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Anyone here treat hereditary angioedema(hae)?

Anyone here treat hereditary angioedema(hae)?

allergists can help: There been exciting and new pharmaceutical options developed for the treatment of acute attacks of hereditary angioedema. Typically, board certified allergists are well-versed in the diagnosis and management of hereditary angioedema. ...Read more

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Does anyone have experience with hereditary angioedema?

Does anyone have experience with hereditary angioedema?

Hereditary angio ede: Hereditary angioedema (ha) is a disease that is typically noted to run in families. It is causes by low levels or poor function in a controller protein called c-1 esterase inhibitor. If swelling (angioedema) occurs with hives, then the angio edema is unlikely to be due to this rare problem. Typical angioedema develops quickly, often maximally within one hour. Ha may swell slowly over many hrs. ...Read more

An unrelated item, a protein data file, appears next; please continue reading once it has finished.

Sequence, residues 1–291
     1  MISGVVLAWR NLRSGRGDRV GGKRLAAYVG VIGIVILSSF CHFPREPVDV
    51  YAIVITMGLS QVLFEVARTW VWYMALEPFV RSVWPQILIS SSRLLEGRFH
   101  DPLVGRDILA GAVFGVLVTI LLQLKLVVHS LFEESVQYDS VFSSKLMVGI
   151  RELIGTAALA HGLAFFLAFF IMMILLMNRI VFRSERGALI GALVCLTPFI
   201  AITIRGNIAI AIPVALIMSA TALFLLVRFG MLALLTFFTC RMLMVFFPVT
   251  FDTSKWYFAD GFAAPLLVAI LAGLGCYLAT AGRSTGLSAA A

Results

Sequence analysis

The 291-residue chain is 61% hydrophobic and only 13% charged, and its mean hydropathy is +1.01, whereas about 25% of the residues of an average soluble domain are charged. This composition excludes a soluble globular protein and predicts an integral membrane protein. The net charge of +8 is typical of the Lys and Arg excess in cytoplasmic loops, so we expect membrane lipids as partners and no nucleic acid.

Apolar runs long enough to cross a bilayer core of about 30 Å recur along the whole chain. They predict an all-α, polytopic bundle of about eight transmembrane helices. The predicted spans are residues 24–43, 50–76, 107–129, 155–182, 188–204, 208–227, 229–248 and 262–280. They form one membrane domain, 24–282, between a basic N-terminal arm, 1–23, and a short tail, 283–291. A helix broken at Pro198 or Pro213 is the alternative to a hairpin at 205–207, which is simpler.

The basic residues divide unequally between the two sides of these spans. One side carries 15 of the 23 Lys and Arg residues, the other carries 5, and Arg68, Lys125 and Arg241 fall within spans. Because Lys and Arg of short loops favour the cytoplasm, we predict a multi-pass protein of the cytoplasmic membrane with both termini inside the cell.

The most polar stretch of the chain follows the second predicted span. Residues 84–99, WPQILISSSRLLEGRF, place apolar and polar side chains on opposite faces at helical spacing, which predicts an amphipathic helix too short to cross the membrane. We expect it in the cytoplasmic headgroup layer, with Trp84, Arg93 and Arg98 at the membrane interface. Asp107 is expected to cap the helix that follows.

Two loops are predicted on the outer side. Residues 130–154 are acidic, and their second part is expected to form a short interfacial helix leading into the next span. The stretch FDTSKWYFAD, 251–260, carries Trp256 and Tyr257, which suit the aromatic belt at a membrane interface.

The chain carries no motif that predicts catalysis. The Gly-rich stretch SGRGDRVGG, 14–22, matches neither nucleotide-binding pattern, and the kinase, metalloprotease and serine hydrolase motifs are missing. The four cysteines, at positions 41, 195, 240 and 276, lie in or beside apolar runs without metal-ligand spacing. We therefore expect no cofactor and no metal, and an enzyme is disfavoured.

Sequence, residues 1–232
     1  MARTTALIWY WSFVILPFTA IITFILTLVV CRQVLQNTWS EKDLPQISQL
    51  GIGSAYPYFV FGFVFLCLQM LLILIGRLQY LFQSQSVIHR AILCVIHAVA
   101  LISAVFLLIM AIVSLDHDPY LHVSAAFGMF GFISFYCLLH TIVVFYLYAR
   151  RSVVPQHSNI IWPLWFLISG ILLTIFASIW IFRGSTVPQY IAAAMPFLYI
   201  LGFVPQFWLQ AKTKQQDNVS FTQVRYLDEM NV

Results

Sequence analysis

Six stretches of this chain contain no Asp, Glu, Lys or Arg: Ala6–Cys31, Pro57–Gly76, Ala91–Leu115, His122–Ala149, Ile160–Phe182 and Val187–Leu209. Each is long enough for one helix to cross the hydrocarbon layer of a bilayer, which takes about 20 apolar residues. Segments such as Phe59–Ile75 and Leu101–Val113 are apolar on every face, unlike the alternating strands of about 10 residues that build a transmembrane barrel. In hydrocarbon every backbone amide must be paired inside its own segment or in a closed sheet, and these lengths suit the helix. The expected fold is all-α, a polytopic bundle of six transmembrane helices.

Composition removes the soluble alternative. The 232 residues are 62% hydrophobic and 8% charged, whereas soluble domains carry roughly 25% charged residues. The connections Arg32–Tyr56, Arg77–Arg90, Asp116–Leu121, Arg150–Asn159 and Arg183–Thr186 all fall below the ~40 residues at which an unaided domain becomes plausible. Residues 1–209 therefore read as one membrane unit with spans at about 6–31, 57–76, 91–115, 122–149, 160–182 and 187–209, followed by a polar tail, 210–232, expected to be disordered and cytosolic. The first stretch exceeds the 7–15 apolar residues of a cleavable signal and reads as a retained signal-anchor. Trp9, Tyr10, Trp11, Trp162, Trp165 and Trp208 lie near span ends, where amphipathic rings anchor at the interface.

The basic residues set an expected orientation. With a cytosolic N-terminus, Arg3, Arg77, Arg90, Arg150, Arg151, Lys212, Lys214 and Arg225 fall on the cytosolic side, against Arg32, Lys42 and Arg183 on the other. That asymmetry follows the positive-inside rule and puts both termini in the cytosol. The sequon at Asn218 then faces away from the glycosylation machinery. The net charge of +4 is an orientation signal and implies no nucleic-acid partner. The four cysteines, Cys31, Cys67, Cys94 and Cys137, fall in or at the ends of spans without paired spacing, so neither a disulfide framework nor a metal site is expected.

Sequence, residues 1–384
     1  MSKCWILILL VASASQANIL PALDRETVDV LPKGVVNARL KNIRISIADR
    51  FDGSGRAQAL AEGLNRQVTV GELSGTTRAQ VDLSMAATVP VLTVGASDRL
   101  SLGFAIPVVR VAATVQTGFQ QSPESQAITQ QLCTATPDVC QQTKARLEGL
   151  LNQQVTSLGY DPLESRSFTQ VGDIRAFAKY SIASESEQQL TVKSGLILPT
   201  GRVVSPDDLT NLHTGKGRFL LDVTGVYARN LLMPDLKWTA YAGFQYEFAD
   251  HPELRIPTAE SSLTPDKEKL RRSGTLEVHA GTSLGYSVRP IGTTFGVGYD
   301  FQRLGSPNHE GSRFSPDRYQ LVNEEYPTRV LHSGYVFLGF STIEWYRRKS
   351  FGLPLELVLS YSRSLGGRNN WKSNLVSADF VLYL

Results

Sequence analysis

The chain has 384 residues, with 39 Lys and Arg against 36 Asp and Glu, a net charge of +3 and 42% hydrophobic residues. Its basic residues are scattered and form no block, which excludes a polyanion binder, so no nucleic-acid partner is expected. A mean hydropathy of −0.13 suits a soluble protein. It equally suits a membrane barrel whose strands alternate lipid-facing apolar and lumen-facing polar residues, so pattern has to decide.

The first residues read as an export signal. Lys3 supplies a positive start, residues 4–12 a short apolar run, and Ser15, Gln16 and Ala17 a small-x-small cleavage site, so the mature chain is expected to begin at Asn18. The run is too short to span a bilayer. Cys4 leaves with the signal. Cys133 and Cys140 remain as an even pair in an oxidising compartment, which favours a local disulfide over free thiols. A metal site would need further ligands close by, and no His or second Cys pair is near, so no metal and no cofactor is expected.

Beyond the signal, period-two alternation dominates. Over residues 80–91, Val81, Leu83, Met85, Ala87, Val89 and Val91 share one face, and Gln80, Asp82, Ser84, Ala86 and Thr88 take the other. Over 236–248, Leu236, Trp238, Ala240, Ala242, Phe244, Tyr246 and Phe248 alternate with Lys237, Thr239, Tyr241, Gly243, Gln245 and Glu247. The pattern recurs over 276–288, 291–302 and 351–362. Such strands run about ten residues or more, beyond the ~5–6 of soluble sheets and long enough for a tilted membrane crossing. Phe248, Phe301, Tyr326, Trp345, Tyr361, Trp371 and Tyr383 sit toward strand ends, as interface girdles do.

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Is hereditary angioedema different from regular angioedema?

Is hereditary angioedema different from regular angioedema?

Allergy or not: Angioedema such as swelling of the tongue or lips can occur as the result of an allergy to food or medication. It is usually associated with hives (urticaria). The presence of hives essentially rules out the allergic cause making hereditary or acquired c-1 inhibitor deficiency likely. However, the lack of hives does not rule out allergy. See an allergist for further evaluation either way! ...Read more

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Hereditary angioedema — can anybody tell me anything about?